Skip to Main Content

Johns Hopkins UniversityArts and Sciences Magazine

New Chaplain Brings Experience
in Urban Interfaith Work

Johns Hopkins has named the Rev. Albert Mosley, a United Methodist minister with degrees from Duke and Yale universities, as the university’s new chaplain. Mosley, 36, replaces Sharon Kugler, a lay Catholic who left for Yale in 2007. Kugler had served as chaplain at Johns Hopkins since 1993.

Mosley’s appointment was announced in January, and as of July 1, he will be on the Homewood campus full time at the Bunting-Meyerhoff Interfaith and Community Service Center.

Mosley comes to Johns Hopkins from the Eastern Pennsylvania Conference of the United Methodist Church in Philadelphia, where he served also as assistant director of the Center for Civic Engagement and an adjunct professor in the Pennoni Honors College at Drexel University. There he taught courses in subjects ranging from comparative ethics to public life and leadership.

“I was attracted to the chaplaincy at Johns Hopkins because of the university’s genuine commitment to developing and fostering meaningful dialogue among persons all along the faith spectrum,” Mosley says.

Mosley’s hiring capped a two-year national search, says Susan Boswell, dean of student life.

“From the first time we met him, we had the feeling that he personified the perfect mix of interpersonal skills and a strong background,” says Boswell. “We feel so fortunate to have him join the Johns Hopkins community and know he will make an incredible contribution to student life.”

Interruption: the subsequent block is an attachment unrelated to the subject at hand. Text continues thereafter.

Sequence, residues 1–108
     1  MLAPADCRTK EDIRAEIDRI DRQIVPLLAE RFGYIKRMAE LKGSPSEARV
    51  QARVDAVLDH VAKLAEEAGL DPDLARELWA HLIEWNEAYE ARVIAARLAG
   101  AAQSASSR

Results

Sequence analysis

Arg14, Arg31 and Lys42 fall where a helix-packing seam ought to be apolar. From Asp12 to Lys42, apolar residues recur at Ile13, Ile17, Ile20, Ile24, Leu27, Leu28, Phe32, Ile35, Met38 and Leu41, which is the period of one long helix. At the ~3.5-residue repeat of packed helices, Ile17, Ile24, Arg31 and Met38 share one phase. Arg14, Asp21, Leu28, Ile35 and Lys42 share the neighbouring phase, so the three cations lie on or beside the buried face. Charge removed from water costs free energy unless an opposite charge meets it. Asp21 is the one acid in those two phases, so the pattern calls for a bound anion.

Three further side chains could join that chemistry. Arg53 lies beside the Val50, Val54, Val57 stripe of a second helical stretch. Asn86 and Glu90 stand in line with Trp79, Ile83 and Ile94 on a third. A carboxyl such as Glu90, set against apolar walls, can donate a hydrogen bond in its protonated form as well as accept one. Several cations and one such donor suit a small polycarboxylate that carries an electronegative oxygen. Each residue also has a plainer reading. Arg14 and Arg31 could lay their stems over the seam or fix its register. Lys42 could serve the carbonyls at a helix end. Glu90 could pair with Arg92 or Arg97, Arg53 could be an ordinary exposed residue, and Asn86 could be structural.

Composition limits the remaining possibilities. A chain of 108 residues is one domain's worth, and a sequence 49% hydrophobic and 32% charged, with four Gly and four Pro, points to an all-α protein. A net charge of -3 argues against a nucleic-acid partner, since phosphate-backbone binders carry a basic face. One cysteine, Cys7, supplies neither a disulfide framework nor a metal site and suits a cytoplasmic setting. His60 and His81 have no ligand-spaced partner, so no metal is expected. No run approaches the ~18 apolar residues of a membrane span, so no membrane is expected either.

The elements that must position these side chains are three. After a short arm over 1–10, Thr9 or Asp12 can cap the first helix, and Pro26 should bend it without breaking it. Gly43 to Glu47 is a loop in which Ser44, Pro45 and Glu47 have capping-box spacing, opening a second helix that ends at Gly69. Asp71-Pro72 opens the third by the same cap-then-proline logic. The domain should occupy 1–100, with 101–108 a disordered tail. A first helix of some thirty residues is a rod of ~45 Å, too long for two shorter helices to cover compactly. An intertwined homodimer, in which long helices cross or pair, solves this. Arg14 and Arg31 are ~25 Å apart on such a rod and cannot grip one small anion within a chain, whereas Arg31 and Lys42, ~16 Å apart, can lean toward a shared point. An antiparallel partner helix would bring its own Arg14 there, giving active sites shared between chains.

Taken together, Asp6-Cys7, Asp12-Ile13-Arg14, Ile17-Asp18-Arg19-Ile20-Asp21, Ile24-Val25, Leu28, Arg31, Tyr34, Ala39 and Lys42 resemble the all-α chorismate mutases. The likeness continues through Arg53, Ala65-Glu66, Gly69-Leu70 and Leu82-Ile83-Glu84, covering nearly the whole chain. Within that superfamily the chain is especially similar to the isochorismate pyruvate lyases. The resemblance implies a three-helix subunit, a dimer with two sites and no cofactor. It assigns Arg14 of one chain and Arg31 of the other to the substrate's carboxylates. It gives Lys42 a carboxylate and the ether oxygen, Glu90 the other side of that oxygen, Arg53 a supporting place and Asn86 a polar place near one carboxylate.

Born in rural Shuqualak, Miss., Mosley graduated Phi Beta Kappa with a degree in molecular biology from Millsaps College in Jackson, Miss. He earned a master of divinity degree from Duke University in 1998 and a master of sacred theology degree from Yale in 1999.

Mosley says his extensive background in urban interfaith work is a perfect springboard into his new role at Johns Hopkins.

“My goal is to continue and expand upon the work that has already been done in providing spiritual, intellectual, and moral leadership to the campus community, fostering within the community an understanding of the interaction of faith, intellectual inquiry, and social responsibility, and serving as a safe haven and resource center for the many faith traditions that are present on campuses today,” Mosley says.

In addition, he wants to ensure that all faith traditions on the campus are aware of opportunities to express their faith and that those who are not affiliated with any faith traditions also feel welcome.

Rev. Albert Mosley Rev. Albert Mosley

Photo: Will Kirk/HIPS


Related Link

JHU Campus Ministries